These sentiments, which, as nothing can prevent my entertaining them, so nothing fall prevent my expressing as forcibly as I am able, were sufficient to have deterred me from ever attempting to write The Life of a Conqueror; unless it had been for the sake of exposing a character of all others the most infamously wicked, and of displaying the charms of liberty by showing the odiousness of tyranny and oppression; but a circumstance, which it will be proper to relate from the beginning, induced me to depart from my resolution, and hurried me from the contemplation of civil and pacifick virtues to the more dazzling, but less pleasing, scenes of victories and triumphs.
A great northern monarch, who visited this country a few years ago,
years ago, under the name of the prince of Travendal, brought with him an Eastern manuscript, containing the life of NADER SHAH, the late sovereign of Perha, which he was desirous of having translated in England. The secretary of state, with whom the Danish minister had conversed upon the fubject, sent the volume to me, requesting me to give a literal translation of it in the French language ; but I wholly declined the task, alledging, for my excuse, the length of the book, the dryness of the subječt, the difficulty of the style, and, chiefly my want both of leisure and ability to enter upon an undertaking so fruitless and fo laborious. I mentioned, however, a gentleman, with whom I had not then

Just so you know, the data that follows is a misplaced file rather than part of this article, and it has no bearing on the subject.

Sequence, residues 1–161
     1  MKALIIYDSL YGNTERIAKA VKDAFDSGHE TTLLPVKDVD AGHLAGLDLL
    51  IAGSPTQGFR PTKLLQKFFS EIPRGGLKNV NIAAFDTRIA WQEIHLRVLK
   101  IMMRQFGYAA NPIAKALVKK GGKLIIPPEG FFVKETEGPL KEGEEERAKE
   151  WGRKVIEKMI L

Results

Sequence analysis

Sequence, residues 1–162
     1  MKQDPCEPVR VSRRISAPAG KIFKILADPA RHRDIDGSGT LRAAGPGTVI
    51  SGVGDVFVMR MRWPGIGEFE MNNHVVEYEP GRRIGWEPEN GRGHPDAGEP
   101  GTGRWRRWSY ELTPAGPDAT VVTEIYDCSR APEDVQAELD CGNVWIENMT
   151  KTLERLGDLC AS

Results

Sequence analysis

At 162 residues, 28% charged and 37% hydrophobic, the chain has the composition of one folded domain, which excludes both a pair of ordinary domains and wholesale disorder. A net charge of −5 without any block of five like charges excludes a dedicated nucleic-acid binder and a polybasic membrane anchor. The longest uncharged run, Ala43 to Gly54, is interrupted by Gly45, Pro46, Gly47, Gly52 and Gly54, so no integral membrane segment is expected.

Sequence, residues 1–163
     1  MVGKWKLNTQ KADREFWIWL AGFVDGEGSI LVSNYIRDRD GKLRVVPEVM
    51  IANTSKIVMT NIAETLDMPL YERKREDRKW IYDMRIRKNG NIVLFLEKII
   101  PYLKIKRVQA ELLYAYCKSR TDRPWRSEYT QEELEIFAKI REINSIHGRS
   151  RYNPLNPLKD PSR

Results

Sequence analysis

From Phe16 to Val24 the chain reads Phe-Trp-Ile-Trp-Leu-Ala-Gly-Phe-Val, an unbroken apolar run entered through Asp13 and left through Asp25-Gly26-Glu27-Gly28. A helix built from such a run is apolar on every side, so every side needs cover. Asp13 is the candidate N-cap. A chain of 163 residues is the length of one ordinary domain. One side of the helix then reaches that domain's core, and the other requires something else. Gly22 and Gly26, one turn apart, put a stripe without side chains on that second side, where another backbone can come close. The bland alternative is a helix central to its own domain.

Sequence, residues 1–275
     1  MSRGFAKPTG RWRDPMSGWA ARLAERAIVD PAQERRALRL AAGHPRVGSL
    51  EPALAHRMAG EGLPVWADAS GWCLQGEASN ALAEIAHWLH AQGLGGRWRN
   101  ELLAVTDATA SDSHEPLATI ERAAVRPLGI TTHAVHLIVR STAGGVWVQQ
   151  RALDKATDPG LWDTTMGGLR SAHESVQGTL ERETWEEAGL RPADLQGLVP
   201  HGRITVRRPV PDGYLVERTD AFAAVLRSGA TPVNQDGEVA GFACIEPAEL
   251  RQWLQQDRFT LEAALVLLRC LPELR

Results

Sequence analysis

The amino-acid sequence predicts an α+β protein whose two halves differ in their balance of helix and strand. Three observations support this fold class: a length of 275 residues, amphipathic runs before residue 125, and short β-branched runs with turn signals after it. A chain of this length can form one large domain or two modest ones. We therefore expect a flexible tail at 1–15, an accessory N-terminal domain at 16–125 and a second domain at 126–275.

the pleasure of being acquainted, buť who had distinguished himself by his translation of a Persian history, and was far abler than myself to satisfy the King of Denmark's expectations. The learned writer, who had other works upon his hands, excused himself on the account of his many engagements ; and the application to me was renewed : it was hinted, that my compliance would be of no small advantage to me at my entrance into life, that it would procure me some mark of distinction, which might be pleasing to me, and, above all, tbat it would be a reflection upon this country, if the King should be obliged to carry the manuscript into France. Incited by these motives, and principally by the last of them, unwilling to be thought churlish or morose, and eager for the bubble Reputation, I undertook the work, and sent a specimen of it to his Danish Majesty ; who returned his approbation of the style and method, but desired, that the whole translation might be perfeetly literal, and the Oriental images accurately preserved. The task would have been far easier to me, had I been directed to finish it in Latin ; for the acquisition of a French *ftyle was infinitely more tedious; and it was necessary to have every chapter corrected by a native of France, before it could be offered